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Highfive: iOS Swift App

Highfive is both hardware and software as a service. Conference phones, cameras, and meeting software are developed as one and sold together to ensure a seamless UX for customers.

It is most well known for having zero downloads, being completely browser-based. As part of the rebase from Objective-C to Swift, I worked with our iOS developer to implement long-overdue upgrades to the app.

Role: Design Owner
Squad Sizes: 1 Designer, 1 SWE
Managed By: SVP of Design
Areas of Focus: User Research, Testing and Evaluation, UX/UI (Mobile, IA), PM

Minor Redesign with Rebase

In early 2018, Highfive’s iOS developer was tasked with rebasing the app from Objective-C to Swift.

I was the design owner for all of his work, implementing upgrades to the UX wherever feasible.
My contributions include:
  • Branch.io (deep linking) implementation
  • New onboarding UX
  • Screensharing
  • Visual style update

Branch.io (Deep Linking)

Improving First-time UX through Deep Linking

Our first-time users ranged from employees of organisations that have deployed Highfive across the company, to guest participants who have never used the service before and are joining a meeting from their calendar for the first time.
I worked closely with our customer support and success teams to understand the different types of first-time users and their goals before working with my iOS developer to ensure the UX helped them accomplish these goals.

Right: Flow for users who have no Highfive account or does not want to log in.

Right: Flow for users who have a Highfive account and are logging in for the first time.

Right: Flow for users who have a Highfive account but have not set it up before needing to join a meeting.

Deep linking enabled us to ensure our users could get into the correct meeting whether or not they set up Highfive on their iPhones in advance.

New Onboarding UX

Front-loading Permissions and OAuth

In the previous version of our app, we asked for camera and microphone permissions just before a meeting starts. While contextual, surfacing the dialogues after users selected “Join Meeting” resulted in perceived friction.

By moving them to an onboarding flow, we reward users who take time to install and set up the service prior to their first meeting while negating the perceived friction stopping guest users from getting into their meetings.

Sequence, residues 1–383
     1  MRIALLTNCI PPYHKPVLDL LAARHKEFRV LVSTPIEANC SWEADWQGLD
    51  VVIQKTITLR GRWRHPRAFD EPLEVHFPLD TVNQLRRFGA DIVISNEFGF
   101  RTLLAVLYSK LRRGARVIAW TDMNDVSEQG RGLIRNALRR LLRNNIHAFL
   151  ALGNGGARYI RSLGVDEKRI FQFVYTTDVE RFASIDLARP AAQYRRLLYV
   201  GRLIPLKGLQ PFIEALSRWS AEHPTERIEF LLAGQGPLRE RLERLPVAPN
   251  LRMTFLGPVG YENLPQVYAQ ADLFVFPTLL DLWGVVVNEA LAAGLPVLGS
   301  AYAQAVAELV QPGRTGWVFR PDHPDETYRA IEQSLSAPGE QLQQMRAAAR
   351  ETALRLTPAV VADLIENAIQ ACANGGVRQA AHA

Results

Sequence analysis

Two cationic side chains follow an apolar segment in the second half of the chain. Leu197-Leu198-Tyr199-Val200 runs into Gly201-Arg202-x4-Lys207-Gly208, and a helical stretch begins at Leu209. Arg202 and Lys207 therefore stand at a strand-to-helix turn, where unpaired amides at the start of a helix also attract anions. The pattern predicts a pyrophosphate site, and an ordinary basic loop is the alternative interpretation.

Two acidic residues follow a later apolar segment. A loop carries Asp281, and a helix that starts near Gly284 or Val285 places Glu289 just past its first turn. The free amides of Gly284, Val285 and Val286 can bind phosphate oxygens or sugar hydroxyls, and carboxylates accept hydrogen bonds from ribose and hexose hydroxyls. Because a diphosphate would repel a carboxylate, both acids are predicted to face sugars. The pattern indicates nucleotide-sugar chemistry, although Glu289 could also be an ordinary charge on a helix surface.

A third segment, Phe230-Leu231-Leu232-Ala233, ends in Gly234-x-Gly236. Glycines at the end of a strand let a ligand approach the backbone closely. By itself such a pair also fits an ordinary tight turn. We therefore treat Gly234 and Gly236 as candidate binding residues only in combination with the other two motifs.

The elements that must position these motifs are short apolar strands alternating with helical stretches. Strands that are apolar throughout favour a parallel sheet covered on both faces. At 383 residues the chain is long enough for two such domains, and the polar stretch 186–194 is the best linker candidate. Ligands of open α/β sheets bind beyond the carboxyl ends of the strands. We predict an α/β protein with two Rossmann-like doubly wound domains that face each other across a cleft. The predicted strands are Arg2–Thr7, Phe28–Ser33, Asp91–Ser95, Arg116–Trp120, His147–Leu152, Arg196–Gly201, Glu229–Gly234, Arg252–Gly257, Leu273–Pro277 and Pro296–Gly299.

While at it, I also helped implement OAuth log in, the lack of which was a major pain point before.

Old FTUX showing permissions dialogue (demo-ed with current Android app):
New FTUX showing permissions onboarding for mic and camera, and OAuth:


Choosing to Delay Release

iOS 11 introduced the ability to share your screen to apps. Hats off to Zoom for quickly releasing the feature on iOS 11. We researched their implementation, and found that OS-level restrictions made it clunky in use.

I designed our own, improved implementation, but after user-testing, decided with my PM that since the implementation in iOS 11 was non-ideal for our users and purpose, we should wait for iOS 12.

iOS 11 — apps had to teach users how to manually add “Screen Recording” to their Control Center. Users then had to manually call up the Control Center to use the feauture:
iOS 12 — apps are now allowed to call up the native screen broadcast dialogue upon user action:

Visual Update

Minor Improvements Before New Design System

While we were creating a brand new design system for deployment in 2020, I convinced our PM to let me update the component styles and colour palette to better match our current desktop experience.
Old style:

New style:


Positive Feedback and Learnings

Working closely with the developer was a great experience. I was able to learn from his expertise regarding the platform and help him improve the app he was building.

Our update to the app has been well-received on the app store:

“I just recently trained myself on a different video conferencing platform. To switch over to Highfive was absolutely confusing for me because it’s so much simpler.”  

Future upgrades to the iOS app I worked with the PM to plan include:
  • Scheduling from mobile
  • Direct Calling
  • Device Selection
  • and more